Trump throws out completely bananas argument for ignoring impeachment — and basically acting like a king

Trump throws out completely bananas argument for ignoring impeachment — and basically acting like a king
President Donald J. Trump watches as new Secretary of Defense Mark Esper delivers remarks Tuesday, July 23, 2019, in the Oval Office of the White House. (Official White House Photo by Shealah Craighead)
News & Politics

Donald Trump is taking all his impeachment marbles and going home to the residence where he can stew, rage tweet, and gorge on conspiracy theories in peace without being bothered by that coequal branch of government known as Congress or, for that matter, the U.S. Constitution.

In a letter addressed Tuesday to House Speaker Nancy Pelosi and the chairs of three key committees, White House counsel Pat Cipollone makes a purely political argument devoid of any reasonable legal rationale that rejects the House impeachment inquiry as fundamentally "illegitimate" and declares Trump the ultimate unimpeachable, unindictable, uninvestigable sovereign. In short, the Executive Branch won’t be giving congressional investigators a GD thing.

In the first of three sections, Cipollone argues that the House inquiry is "Constitutionally Invalid" because Congress has violated "due process," which is something Trump isn't actually entitled to in the context of impeachment. In fact, the Constitution states the House "shall have the sole Power to Impeach." The House decides that process, not the president.

Just to give a window into how bananas the argument is, here's what Cipollone wrote in the opening of the letter.

You have denied the President the right to cross-examine witnesses, to call witnesses, to receive transcripts of testimony, to have access to evidence, to have counsel present, and many other basic rights guaranteed to all Americans. You have conducted your proceedings in secret. You have violated civil liberties and the separation of powers by threatening Executive Branch officials, claiming that you will seek to punish those who exercise fundamental constitutional rights and prerogatives. All of this violates the Constitution, the rule of law, and every past precedent.

Yeah, that's all bonkers, folks. Trump isn't guaranteed any of that stuff. In fact, House impeachment is a fact gathering process designed to inform the body as to whether to charge the president. The trial-type stuff that Cipollone cites above is only minimally applicable to what the Senate does, which is where a president is tried for what the House decides to charge him with, if it charges at all.

Moving on. In the second section, Cipollone dismisses the House inquiry for seeking to "Reverse the Election of 2016."

"The effort to impeach President Trump—without regard to any evidence of his actions in office—is a naked political strategy that began the day he was inaugurated, and perhaps even before," writes Cipollone. Actually, the whole point of impeachment is evidence gathering, thus the word "inquiry."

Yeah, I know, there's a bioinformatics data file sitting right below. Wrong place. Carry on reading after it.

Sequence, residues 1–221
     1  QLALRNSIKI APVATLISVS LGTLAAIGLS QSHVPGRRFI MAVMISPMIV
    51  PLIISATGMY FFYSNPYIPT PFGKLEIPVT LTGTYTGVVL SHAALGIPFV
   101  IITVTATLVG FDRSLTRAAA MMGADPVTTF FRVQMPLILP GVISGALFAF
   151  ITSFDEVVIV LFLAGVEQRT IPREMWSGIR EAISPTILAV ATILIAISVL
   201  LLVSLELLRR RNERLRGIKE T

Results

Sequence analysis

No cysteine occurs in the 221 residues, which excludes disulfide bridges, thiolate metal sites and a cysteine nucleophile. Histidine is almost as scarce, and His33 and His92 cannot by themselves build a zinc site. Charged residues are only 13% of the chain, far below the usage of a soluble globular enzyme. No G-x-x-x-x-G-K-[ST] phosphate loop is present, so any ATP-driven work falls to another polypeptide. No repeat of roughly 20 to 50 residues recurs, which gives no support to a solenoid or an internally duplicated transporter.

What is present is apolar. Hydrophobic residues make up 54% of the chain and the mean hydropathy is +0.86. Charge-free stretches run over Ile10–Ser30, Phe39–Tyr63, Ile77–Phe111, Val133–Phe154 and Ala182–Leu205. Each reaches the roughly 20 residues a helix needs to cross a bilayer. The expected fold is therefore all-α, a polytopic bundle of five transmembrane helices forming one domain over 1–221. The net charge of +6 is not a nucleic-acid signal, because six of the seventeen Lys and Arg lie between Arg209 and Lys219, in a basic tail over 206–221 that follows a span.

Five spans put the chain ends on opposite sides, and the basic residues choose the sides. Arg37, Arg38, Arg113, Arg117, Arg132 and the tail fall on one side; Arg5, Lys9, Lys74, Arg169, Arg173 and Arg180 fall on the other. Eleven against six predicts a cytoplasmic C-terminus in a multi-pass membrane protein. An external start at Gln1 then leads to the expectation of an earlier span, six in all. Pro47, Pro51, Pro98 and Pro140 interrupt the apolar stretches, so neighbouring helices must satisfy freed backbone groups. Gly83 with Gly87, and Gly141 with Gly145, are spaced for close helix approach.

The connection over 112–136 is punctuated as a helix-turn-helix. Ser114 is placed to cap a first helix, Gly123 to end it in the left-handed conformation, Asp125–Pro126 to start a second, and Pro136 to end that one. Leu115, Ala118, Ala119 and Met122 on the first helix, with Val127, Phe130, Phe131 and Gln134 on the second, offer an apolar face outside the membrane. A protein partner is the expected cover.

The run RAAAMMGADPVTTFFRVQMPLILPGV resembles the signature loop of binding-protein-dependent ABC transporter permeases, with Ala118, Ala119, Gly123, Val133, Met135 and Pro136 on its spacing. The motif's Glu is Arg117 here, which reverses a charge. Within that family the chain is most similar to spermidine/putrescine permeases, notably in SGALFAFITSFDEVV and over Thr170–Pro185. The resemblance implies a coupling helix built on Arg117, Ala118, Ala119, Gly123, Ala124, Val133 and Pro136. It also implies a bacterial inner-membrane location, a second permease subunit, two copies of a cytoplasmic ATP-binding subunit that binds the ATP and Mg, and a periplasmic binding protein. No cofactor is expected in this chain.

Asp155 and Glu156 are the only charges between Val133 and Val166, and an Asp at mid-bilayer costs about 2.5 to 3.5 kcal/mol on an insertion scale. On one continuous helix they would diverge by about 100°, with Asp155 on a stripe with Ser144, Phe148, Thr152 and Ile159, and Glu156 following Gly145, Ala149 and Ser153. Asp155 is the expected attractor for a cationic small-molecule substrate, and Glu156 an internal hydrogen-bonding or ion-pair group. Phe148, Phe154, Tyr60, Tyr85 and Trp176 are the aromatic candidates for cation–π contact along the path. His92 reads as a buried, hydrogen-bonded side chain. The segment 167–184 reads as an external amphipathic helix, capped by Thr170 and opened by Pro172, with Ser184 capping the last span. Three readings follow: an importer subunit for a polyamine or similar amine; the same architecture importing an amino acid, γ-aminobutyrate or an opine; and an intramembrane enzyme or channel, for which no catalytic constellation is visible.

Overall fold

Cipollone continues, suggesting House Democrats have embraced impeachment because they were doooomed in 2020. "The Founders, however, did not create the extraordinary mechanism of impeachment so it could be used by a political party that feared for its prospects against the sitting President in the next election. The decision as to who will be elected President in 2020 should rest with the people of the United States, exactly where the Constitution places it," he writes.

Besides the fact that Trump is despised by a solid majority of Americans and losing in every hypothetical matchup with Democrats’ top-tier candidates, Cipollone may want to inform Trump that 2020 is supposed to be decided by Americans because Trump is pretty sure that it's supposed to be decided by Ukraine, China, Russia, and any other foreign entity willing to rig the election on his behalf.

Cipollone then attempts in the third section to turn the tables on House Democrats’ handling of the inquiry, including Rep. Adam Schiff's parody of Trump's call during a hearing and their claim that Schiff's office acted improperly when the whistleblower sought informal guidance on how to properly move forward with filing a complaint.

At base, there are so many bogus claims in this letter that it's almost difficult to wrap one’s mind around. One problem is the White House seems to have literally zero grasp of what the Constitution even says about the impeachment process and the differing functions of the House and the Senate regarding removal of a president.

But the upshot of this letter (along with other actions taken by the administration) is that Trump is now effectively acting as a king, as former Justice Department official Neal Katyal observed. According to the administration's arguments, Trump can't be indicted, he also can't investigated for his crimes, and now he can't be impeached either. In sum:

Cipollone, charged with protecting the Office of the President, has penned a piece of political propaganda designed to enrage Trump's base at how unfairly he's being treated using specious legal jargon that in fact bears no resemblance to the basic pillars of the U.S. justice system.

As Kellyanne Conway’s husband George tweeted, "I cannot fathom how any self-respecting member of the bar could affix his name to this letter.  It’s pure hackery, and it disgraces the profession."

In other words: It’s classic Trump.

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